Human connection is beautiful. Within this complex life we are all living, the want for being wanted is screaming throughout everyday life. It is human nature to feel and want to connect with someone. Connection does not have to be physical and can be effectively felt through music. The art of songwriting is and has been a way to communicate and can be used as a coping mechanism.
“There are a lot of issues in daily life that can’t be solved normally and in those cases music is a good outlet for that” senior Maggie Peng.
It is incredible how one can connect with someone they don’t even know by just listening to a song. The song does not have to have words, but you can still feel something and know how the person who wrote the song was feeling. If you listen to the words of a song, actually listen to the words. If you understand the words to a song, then that is the ultimate connection with the writer of the song. You are literally listening to someone’s thoughts and feelings. If that doesn’t blow your mind, have fun being an unpassionate person.
Songs feed off of feelings and follow with ideas. People have a common misconception that songwriting is for musicians and you have to have some amazing songwriting ability. False. Anyone can write a song. It does not have to be the most beautiful and literate thing ever, but if you get your message across, who cares. The greatest song writers are just like you, they sit in their rooms and write.Believe it or not, students among you are writing songs and using them as comfort. Songs are a way of inspiring other people and inspiring yourself to be more able to express yourself.
“I get inspired by the people that I meet and the things that happen to me and my friends in life,” senior Gabe Galang said.
“I think you write your best songs when you’ve experienced something that’s had a great emotional impact on you,” Junior Clara Chiu said.
You might ask, how does one start writing a song for the first time? Sometimes writing songs cannot be forced and sometimes you cannot think of anything. But ask yourself, how you are feeling and what are you thinking about? These questions could spark some inspiration but it can also be liberating to check in with yourself.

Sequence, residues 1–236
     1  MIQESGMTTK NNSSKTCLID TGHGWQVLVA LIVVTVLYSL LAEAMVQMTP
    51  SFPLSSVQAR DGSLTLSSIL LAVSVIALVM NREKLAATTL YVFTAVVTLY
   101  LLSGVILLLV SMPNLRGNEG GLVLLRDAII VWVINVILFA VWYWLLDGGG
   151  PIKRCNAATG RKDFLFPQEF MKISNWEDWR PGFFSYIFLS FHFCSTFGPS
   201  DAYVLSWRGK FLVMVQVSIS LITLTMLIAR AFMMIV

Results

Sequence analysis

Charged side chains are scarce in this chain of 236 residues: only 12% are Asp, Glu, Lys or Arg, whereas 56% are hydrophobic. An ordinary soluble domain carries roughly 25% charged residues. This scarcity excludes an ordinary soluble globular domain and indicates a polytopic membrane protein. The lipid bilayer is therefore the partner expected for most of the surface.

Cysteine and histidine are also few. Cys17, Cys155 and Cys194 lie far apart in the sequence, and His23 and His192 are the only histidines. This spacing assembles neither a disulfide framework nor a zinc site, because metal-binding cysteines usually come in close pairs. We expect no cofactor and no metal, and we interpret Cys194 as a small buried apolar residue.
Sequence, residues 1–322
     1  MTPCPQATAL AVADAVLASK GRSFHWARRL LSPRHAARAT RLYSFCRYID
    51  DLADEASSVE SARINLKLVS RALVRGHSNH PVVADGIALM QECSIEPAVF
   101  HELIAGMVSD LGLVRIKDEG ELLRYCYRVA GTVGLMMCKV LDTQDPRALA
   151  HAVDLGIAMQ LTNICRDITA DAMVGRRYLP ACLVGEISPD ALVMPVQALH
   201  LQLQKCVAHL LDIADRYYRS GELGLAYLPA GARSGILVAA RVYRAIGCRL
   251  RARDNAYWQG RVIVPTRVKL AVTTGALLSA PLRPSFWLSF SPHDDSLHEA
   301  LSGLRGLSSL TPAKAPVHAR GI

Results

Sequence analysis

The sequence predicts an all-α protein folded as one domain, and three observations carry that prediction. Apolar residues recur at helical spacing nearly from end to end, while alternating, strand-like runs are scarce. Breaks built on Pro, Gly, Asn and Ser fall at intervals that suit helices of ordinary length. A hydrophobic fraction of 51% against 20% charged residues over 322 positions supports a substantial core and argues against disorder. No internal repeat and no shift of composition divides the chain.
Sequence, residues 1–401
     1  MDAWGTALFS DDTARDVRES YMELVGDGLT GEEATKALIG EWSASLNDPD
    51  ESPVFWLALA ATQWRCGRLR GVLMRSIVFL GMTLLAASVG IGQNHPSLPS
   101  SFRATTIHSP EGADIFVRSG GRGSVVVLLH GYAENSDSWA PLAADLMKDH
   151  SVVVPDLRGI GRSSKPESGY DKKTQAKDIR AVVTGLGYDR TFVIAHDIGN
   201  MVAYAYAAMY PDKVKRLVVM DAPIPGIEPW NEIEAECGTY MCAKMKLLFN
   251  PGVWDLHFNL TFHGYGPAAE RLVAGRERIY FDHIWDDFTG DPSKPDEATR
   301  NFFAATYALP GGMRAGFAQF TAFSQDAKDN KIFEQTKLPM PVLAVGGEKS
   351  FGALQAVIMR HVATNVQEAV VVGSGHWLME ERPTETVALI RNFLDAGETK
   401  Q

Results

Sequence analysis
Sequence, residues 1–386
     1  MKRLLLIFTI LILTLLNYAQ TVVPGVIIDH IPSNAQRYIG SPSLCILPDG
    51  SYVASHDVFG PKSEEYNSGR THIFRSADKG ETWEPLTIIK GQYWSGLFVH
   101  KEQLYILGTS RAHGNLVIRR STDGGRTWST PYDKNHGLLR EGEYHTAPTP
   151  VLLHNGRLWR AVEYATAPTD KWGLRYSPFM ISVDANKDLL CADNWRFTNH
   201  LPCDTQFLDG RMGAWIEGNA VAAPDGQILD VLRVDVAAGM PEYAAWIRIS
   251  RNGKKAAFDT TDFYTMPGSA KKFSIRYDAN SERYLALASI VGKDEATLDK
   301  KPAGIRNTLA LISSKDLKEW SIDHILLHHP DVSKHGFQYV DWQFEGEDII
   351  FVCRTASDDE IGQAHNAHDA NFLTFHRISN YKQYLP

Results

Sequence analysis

“I normally write songs when I’m going through time of my life that cause really strong emotions, happy or sad,” sophomore Alexandra Stump said.
It is a lot like writing a poem and can be changed while going along, but once you are done and happy with a song, it can be very freeing. Writing songs can help people through hard times and allow them a way to sort their thoughts. This is why anybody could do it. Everyone has thoughts and feelings and should use them to their advantage. Even if the songs are just for yourself, the process of writing them is what helps you through whatever you were going through and can be looked back upon.
“It’s really hard to just wake up and decide to write a song if you don’t have any inspiration from a real-life experience,” Chiu said.
Writing songs can also become a routine and allow a person to reflect on their life or even just their day.
“I try to write something everyday. Just like a part of a riff or even just a line or two of lyrics. I aim to just try to be productive,” senior Gabe Galang said.
Listening to someone’s song and understanding and connecting with it can be a curious but comforting feeling. But once someone connects with your song, it is one of the most empowering and emotional feelings. Even if it’s just one person who connected with you. They listened or read your song and understood. You let yourself be vulnerable and a person appreciated it. That is the beauty of music. Music is communication.
“Writing music has been a sort of outlet for me, so to hear that others connect with my music feels really wonderful”, sophomore Alexandra Stump said.
We are all trying to find ourselves music gets us a little closer to real feeling. No one should feel discouraged out of writing songs or even just writing down your feelings. Get in touch with yourself and others, and carry on the alluring art of songwriting.
“I only make and release music that I enjoy myself, so when other people comment on it and say they like it I appreciate that,” senior Will Kast said. “But what makes me the happiest I made it in the first place.”